As Maulana Fazl-ur-Rehman’s Azadi March approaches Islamabad, the authorities tighten their noose around JUI-F’s leadership.
Is Freedom of Association only for JUI-F Workers?
JUI-F’s Mufti Kifayatullah was arrested during a raid on his residence at E-11/3 sector of Islamabad. He was booked under the Maintenance of Public Order Ordinance. According to the order, he was involved in chanda (donation) collection. He was also accused of inciting the public to take part in the Azadi March.
“These activities pose a great threat to public safety which may create disturbance of public tranquility, danger to human life, health and safety,” the order said.
He is currently being detained in Haripur Central Jail.
The JUI-F’s legal eagle and former President of Supreme Court Bar Association Kamran Murtaza, while speaking to voicepk.net, said the government should not clampdown on JUI-F leaders preparing for the rally, as Articles 15, 16 and 17 of the Constitution of Pakistan allow freedom of movement, assembly and association.
No Such Freedoms for Women in the Azadi March
However, the JUI-F has barred women from joining the protest or even reporting on it. Recently, a female journalist was told to leave a JUI-F rally in Karachi. JUI-F workers escorted her back to her car, saying “Women are not invited and by being here you are spoiling the atmosphere.”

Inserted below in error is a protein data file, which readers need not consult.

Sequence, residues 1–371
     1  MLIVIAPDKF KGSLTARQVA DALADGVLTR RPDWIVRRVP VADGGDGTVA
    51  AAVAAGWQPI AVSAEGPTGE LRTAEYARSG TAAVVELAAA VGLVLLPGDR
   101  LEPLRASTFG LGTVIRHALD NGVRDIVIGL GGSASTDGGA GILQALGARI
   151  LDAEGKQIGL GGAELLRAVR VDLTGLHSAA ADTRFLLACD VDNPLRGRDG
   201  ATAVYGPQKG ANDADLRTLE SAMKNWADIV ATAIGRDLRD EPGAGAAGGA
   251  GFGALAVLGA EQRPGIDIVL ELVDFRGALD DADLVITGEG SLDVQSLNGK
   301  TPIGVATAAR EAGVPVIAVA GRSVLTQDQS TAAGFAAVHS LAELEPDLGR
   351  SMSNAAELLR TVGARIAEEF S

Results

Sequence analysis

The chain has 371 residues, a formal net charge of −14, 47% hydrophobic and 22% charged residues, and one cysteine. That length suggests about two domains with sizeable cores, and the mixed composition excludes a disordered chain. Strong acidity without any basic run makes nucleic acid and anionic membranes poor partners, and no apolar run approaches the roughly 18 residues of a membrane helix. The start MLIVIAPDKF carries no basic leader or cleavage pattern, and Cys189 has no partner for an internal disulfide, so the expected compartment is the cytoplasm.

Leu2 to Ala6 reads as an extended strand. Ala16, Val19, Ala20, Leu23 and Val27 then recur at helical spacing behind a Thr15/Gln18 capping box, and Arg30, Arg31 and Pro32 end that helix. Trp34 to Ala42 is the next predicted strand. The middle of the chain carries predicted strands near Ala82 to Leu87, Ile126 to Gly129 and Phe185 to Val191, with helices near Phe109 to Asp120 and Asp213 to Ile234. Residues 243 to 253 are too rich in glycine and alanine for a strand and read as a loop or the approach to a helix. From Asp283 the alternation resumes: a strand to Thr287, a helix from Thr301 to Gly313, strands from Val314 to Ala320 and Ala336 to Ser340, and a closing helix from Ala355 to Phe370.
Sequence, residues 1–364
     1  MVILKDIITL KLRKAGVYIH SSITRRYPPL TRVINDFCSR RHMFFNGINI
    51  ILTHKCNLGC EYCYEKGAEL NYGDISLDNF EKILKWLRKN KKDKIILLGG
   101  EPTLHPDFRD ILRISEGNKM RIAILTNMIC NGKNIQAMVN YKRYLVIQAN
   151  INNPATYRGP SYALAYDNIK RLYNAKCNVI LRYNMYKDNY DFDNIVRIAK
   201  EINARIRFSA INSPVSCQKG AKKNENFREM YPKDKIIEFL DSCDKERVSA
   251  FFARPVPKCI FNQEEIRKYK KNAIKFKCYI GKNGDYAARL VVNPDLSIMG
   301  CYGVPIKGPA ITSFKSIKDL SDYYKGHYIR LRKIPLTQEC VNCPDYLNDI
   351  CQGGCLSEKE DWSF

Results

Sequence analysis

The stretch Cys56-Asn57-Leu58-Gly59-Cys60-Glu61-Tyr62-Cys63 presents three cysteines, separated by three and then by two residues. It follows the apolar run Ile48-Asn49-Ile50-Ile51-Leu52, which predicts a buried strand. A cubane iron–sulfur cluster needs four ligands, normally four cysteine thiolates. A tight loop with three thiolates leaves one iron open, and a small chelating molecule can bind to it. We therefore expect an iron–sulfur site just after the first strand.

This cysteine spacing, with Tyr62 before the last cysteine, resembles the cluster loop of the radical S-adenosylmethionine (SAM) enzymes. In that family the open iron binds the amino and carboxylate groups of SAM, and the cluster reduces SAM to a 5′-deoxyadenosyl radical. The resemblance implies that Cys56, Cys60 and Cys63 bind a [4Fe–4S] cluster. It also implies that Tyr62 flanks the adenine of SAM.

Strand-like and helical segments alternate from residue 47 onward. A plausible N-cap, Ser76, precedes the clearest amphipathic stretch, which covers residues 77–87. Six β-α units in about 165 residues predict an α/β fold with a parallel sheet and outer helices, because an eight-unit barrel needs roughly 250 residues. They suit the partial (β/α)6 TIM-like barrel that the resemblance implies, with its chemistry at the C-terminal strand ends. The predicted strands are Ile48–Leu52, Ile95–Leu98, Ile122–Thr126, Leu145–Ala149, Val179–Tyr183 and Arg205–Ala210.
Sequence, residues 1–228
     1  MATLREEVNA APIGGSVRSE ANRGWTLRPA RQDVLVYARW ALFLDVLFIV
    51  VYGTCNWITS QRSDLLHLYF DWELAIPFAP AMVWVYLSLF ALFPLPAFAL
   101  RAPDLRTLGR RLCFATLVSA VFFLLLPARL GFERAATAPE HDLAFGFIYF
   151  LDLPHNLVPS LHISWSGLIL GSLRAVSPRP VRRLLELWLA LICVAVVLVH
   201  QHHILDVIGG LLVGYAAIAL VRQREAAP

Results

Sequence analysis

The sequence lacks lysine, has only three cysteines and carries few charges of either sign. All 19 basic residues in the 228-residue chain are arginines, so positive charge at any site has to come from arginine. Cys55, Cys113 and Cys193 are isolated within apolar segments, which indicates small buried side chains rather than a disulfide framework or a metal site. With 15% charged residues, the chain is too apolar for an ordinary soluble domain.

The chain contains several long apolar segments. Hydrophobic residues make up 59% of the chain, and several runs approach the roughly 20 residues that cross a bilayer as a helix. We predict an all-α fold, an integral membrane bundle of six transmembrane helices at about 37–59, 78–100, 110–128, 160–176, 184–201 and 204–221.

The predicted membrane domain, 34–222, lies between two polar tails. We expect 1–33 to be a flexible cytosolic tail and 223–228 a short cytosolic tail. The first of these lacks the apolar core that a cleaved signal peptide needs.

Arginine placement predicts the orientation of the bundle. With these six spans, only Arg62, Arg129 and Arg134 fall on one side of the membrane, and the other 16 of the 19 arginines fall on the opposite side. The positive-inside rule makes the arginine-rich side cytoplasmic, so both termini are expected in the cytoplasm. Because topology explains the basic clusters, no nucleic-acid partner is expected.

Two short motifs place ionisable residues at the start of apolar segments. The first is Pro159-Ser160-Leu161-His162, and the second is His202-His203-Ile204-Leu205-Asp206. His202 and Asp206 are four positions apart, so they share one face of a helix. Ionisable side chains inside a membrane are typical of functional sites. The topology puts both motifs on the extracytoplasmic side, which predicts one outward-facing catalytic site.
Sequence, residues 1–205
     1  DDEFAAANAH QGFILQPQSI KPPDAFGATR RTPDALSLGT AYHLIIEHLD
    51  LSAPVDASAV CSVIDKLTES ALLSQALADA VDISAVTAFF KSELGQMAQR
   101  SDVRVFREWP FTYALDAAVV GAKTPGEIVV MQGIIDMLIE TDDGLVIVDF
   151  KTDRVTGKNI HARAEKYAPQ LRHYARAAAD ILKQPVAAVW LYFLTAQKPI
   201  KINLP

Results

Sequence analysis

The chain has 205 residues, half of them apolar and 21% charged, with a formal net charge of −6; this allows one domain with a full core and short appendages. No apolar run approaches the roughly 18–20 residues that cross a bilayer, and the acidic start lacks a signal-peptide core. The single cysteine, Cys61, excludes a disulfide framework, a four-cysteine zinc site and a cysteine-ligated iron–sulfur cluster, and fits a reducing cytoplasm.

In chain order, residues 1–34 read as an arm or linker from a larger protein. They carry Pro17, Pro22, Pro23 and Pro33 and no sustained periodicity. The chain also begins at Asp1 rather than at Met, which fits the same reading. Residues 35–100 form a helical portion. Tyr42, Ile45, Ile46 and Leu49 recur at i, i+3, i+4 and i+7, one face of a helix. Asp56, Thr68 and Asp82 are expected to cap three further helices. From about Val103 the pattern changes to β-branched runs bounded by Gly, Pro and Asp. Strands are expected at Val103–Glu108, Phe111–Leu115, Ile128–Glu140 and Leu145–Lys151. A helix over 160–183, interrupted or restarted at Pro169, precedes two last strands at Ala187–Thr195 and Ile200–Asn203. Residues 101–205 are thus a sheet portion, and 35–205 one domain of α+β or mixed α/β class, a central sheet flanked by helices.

PPP Senator Robina Khalid, whose party is supporting the Azadi March, reprimanded the JUI-F for its “no women” policy. She demanded that women be allowed to participate in the protest.
After much media backlash and criticism from female legislators, the JUI-F leadership has stated that women are welcome to cover and attend the Azadi March. They also reiterated that there was no official JUI-F policy barring women from the rally. However, this raises the question why female journalists were turned away for “spoiling the atmosphere” in the first place.
Report by Munizae Jahangir